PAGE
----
I’ll admit it: while the premise of Mary Gordon’s The Love of my Youth did at first intrigue me, it was the cover of the book that motivated me not only to purchase this novel, but to place it in front of everything else on my to-read list. On the aforementioned cover is a beautiful, nostalgia-inducing photograph of a bridge, the Ponte Giuseppe Mazzini, over the Tiber River in Rome at dawn—and I’ve never even been to Rome! Thus allured, I was primed to enjoy the subsequent story of reunited lovers Adam and Miranda as they meet again after nearly forty years apart.
I will warn those who have not yet read this book of its cumbersome beginning. In order to bring her protagonists together, Gordon tasks herself with the burden of explaining the hard-to-believe fact that the former sweethearts have heard nothing of each other since their difficult breakup in 1971. In October 2007, the time of the book’s primary action, Adam and Miranda find themselves spouseless in Rome. Miranda, an epidemiologist, is in Italy for work. Adam, a music teacher, is in the midst of an extended residence in Rome chaperoning his daughter’s musical studies. When a dinner arranged by a mutual friend goes sour, Adam and Miranda agree to meet for daily walks to reacquaint with one another.
Once the novel accomplishes its awkward introduction, it becomes quite an engaging read. Adam and Miranda walk the streets of Rome each morning to visit the various tourist destinations and discuss the turns of their lives since they last parted. Miranda, married with two sons, excels in her career and appears to have maintained a good deal of her youthful ambition to ease the suffering of others. Adam, a talented and dedicated pianist, is on his second marriage (the heartbreaking circumstances of the first are eventually revealed) and continues to plod along in the only job he has ever had: teaching piano to young people whose musical aspirations resemble those he once nurtured in himself. Over the course of the narrative, Gordon treats her readers to flashbacks of the inception and dissolution of Adam and Miranda’s years-long relationship. These recollections make sense of the years spent without contact and the burden that is lifted now that they are finally able to learn what has become of one another.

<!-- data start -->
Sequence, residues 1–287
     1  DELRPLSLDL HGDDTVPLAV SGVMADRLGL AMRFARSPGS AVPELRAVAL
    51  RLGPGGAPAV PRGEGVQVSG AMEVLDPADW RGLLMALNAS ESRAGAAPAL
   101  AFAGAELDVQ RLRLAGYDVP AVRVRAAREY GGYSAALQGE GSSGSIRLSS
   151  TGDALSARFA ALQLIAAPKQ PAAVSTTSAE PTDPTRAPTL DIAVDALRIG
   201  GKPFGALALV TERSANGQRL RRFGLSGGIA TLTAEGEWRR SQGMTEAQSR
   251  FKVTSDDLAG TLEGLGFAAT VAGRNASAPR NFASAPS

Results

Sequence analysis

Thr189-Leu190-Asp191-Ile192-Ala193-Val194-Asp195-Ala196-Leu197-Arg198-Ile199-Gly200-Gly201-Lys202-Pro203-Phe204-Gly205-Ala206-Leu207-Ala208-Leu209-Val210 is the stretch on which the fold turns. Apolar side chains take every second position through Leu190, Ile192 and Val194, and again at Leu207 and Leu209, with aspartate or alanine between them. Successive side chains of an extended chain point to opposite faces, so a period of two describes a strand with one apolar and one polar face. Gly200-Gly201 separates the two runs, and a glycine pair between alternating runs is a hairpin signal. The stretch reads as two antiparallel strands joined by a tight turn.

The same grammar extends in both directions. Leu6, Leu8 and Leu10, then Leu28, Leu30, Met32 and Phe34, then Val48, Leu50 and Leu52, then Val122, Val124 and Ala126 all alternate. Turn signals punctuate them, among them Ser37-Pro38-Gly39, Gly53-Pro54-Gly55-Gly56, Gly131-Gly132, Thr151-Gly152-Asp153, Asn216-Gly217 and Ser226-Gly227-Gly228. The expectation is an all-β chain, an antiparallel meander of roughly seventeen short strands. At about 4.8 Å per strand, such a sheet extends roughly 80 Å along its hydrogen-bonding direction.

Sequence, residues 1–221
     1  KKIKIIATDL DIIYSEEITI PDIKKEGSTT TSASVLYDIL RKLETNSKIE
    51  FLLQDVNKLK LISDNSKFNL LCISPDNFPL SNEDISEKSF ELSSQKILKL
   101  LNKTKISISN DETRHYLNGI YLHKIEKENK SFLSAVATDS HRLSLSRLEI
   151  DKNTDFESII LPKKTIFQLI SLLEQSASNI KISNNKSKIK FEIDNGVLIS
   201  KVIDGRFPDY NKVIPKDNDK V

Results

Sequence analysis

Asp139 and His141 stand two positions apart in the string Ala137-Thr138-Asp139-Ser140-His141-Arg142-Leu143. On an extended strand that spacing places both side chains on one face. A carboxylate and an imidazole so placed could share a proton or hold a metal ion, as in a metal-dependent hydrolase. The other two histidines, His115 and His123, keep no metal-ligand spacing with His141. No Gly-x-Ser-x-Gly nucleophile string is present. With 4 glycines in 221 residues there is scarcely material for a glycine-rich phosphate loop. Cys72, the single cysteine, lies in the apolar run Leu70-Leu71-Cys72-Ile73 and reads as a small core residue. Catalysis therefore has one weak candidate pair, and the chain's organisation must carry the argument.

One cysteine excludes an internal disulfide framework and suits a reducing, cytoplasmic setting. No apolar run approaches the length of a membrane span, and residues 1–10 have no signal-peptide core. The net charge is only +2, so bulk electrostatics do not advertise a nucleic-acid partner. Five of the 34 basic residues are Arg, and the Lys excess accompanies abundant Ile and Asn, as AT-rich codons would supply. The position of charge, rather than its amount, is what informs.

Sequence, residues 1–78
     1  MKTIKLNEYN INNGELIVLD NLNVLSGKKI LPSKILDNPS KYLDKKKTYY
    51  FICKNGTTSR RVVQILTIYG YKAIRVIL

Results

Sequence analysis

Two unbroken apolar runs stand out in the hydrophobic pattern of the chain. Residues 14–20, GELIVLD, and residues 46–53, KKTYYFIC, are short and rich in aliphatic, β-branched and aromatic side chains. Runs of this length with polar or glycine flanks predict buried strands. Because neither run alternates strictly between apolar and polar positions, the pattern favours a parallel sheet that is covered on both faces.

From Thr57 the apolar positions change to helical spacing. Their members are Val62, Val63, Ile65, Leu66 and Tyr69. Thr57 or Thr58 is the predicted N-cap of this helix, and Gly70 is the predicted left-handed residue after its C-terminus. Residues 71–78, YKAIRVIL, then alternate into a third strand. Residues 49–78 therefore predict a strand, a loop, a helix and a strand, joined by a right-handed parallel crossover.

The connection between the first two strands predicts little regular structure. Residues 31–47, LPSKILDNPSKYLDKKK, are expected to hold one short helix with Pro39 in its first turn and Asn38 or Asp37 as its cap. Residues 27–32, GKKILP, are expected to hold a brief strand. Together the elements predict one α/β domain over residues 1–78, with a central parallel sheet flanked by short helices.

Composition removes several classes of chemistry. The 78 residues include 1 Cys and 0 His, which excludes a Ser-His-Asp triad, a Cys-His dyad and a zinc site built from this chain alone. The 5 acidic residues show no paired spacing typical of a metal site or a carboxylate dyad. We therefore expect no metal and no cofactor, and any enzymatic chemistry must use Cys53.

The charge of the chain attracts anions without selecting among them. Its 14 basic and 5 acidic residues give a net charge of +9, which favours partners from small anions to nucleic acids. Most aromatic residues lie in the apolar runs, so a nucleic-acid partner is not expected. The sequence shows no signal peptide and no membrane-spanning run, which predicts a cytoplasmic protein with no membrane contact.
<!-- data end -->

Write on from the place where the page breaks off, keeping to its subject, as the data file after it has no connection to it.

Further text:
For me, the most interesting theme of The Love of my Youth was its focus on the idea of acceptance. While Adam and Miranda have much to forgive of themselves and each other, their shared history and natural dispositions are such that, though they never had the opportunity to verbalize it, forgiveness was always implied. Instead, I was more interested in the pair’s ability to accept the circumstances of their lives once the disintegration of their relationship derailed what they originally supposed was their destiny.
For Miranda, acceptance came much easier. Though she missed out on experiences she always dreamed would be complemented by the presence of Adam—a traditional wedding and the privilege of bearing his children—Miranda appreciates the course her life ultimately took. She revels in motherhood and welcomes the perspective her conversion to Judaism has given her. For Adam, however, the journey toward acceptance appears incomplete. Even as the novel nears its final pages, Adam, brimming with regret, painfully wonders if his life’s purpose would have been better served alongside Miranda.
I thoroughly enjoyed my time with Mary Gordon’s The Love of my Youth. This novel comes recommended, especially to those with firsthand experience with the topography of Rome.